In keeping with the modular nature of the original SDK, I have broken apart the source-code into separate assemblies.
Contains common classes.
Contains low-level PAP core and configuration classes.
Contains high-level push core, subscription, application management, request tracking and statistics.
Contains all acknowledgement handling extensions.
The code base has been updated so that SDK assemblies now share common version information via a custom (TFS Build friendly) target file – there be some cool tech in there that you may find useful in you own projects and solutions.
I have also started work on the deployment technology, enabling easy installation of the SDK for developers.
The installer project makes use of WiX and is dependent on WiX 3.6 Release Candidate (available at Windows Installer for XML
At the time of writing the project is bound to the latest build (v3.6.3025.0). In due course a merge-module project will be added to support your own deployment scenarios.
Finally I will be looking into a clean method for adding code-signing into the project files without having to go through the pain of actually having the signing file in source control (I’ll get endless requests for the signing password) – I suspect this will be best achieved with a tweak to my custom build target.
I’ll try and put together a new build and release to CodePlex over the coming week – real busy though so please be patient!
You can now download the sources for the BlackBerry Push Service SDK from the CodePlex web site from this link.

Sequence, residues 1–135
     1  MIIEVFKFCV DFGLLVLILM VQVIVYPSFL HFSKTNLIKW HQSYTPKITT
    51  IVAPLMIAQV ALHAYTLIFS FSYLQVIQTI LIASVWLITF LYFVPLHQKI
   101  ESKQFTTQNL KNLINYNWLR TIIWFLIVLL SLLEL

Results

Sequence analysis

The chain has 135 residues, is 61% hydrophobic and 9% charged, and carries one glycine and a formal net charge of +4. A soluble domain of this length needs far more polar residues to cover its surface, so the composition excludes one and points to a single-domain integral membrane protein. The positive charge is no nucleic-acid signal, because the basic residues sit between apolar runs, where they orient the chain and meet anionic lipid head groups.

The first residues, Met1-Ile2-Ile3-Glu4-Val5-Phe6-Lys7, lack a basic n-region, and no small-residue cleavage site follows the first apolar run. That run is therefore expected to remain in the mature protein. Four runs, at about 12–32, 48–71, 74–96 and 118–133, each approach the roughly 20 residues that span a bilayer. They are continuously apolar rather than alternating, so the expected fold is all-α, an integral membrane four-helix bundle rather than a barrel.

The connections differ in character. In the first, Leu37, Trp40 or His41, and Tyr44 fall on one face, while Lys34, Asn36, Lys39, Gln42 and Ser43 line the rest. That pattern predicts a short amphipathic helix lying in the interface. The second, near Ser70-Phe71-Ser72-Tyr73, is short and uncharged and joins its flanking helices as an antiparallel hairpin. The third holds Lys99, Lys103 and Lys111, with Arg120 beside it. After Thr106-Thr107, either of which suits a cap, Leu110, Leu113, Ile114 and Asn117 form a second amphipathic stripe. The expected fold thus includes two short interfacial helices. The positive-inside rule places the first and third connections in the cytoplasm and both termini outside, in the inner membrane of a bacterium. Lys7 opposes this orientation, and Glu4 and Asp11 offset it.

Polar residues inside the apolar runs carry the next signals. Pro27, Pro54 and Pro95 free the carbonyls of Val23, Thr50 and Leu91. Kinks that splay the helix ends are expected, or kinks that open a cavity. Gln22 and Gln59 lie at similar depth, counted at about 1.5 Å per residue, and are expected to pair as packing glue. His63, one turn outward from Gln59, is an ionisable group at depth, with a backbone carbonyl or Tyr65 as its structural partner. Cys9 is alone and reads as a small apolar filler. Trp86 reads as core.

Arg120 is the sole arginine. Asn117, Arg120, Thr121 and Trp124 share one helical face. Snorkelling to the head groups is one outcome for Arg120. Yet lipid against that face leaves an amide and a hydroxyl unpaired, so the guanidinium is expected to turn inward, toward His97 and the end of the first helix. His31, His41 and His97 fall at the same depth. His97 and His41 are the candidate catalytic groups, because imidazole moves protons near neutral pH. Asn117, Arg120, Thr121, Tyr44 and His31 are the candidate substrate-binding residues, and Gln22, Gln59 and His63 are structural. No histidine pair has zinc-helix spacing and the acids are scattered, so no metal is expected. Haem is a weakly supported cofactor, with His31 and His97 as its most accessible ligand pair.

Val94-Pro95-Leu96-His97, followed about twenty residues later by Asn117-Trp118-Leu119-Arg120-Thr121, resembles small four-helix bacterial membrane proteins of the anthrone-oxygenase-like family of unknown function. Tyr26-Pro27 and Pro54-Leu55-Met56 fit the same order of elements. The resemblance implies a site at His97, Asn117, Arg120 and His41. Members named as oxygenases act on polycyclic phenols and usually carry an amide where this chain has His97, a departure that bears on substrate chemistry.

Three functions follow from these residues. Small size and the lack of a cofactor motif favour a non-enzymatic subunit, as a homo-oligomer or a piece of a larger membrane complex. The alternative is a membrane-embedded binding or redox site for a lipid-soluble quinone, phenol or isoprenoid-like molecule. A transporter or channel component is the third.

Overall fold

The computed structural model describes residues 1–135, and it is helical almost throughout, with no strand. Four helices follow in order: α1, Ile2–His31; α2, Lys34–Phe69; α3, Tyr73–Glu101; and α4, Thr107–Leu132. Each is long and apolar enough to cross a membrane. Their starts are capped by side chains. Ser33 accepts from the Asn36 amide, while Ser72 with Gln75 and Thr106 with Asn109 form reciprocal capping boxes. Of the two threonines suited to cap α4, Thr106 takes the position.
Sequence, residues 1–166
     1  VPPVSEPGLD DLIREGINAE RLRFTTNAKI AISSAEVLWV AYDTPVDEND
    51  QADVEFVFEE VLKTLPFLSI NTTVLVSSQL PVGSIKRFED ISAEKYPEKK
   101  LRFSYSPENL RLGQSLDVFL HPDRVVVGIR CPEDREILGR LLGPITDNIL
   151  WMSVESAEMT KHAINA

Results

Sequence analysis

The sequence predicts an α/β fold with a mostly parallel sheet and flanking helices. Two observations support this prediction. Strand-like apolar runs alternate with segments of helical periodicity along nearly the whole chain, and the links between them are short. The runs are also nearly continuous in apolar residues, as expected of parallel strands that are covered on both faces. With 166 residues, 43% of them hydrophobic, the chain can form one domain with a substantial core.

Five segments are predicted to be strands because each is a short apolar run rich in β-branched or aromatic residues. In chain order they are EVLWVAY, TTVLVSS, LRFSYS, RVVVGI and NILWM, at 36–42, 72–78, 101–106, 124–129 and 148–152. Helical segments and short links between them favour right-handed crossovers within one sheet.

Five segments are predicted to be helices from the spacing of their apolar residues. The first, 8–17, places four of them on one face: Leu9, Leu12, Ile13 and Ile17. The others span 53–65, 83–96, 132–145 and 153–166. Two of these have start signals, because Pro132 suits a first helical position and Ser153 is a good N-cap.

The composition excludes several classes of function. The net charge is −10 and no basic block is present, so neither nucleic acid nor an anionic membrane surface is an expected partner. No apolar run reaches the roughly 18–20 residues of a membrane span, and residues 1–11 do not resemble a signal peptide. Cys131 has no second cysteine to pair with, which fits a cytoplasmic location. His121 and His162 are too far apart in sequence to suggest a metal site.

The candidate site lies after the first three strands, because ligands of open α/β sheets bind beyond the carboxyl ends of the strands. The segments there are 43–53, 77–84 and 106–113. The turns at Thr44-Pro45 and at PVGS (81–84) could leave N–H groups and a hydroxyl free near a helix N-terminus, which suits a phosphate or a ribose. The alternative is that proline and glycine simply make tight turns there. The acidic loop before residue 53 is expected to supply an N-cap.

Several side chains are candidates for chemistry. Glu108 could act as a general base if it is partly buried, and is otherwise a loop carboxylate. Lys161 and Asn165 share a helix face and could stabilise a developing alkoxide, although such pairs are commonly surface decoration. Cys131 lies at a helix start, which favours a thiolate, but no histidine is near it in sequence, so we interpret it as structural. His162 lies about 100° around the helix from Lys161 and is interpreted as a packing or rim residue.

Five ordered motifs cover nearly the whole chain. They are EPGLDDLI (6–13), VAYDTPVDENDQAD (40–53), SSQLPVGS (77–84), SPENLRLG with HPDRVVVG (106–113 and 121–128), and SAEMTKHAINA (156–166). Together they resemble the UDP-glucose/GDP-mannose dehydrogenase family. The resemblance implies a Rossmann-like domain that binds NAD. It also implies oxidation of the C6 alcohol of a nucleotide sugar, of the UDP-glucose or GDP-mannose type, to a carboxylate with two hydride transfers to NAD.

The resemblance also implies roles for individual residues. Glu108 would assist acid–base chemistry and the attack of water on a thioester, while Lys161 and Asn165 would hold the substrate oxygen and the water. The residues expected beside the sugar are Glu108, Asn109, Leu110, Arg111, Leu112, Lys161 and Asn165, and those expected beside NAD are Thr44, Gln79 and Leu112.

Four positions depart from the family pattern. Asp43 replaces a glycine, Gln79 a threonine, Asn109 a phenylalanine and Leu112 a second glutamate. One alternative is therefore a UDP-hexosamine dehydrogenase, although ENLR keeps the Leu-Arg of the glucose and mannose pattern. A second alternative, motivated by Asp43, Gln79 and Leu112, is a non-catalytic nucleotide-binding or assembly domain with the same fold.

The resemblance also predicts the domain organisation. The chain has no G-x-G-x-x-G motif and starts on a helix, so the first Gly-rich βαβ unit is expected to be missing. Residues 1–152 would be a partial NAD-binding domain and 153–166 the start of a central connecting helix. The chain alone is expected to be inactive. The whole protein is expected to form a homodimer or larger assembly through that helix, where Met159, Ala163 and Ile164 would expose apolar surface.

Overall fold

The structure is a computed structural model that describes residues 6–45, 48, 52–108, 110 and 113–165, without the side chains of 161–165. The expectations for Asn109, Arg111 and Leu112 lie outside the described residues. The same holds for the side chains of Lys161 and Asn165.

You should refer to the RIM Java documentation as this is a fairly close port however a sample web-site and test library is in-progress…
I am also looking for helpers for maintaining this project and adding source-level documentation 🙂
To be honest porting an API from one language to another can be pretty dull however once the grunt work is finished you can sometimes tweak the code to take advantage of specific language and/or platform features.
Since the shape of the existing API is synchronous I knew early on that changing the communications stack from blocking to non-blocking would be high on the ToDo list – to be fair if .NET did not have the async/await keywords I wouldn’t have bothered as writing async code without this feature is difficult and error-prone.
With this in mind I started with the lowest layer code that handled the request/reply over HTTP with the PPG inside IPapService – fairly simple since the comms classes already have Task-based wrappers.
After that follow the logic (and the build errors) into IPushService. The public API featured simple changes however under the covers the changes were more widespread…
ISubscriptionService is teeming with multi-threaded parallelised code so not only were there API changes but there was also an opportunity for refactoring a lot of the job partitioning logic into something much more concise and therefore easier to understand.
All this work meant that it was easy to update the acknowledgement HTTP handlers so that they are now implementing IHttpAsyncHandler which is good news!
So where are we? Well the CodePlex project has been created and the source will be checked in over the next few days – initially for Visual Studio 2010 but with VS2012 .NET 4.5RC version to follow.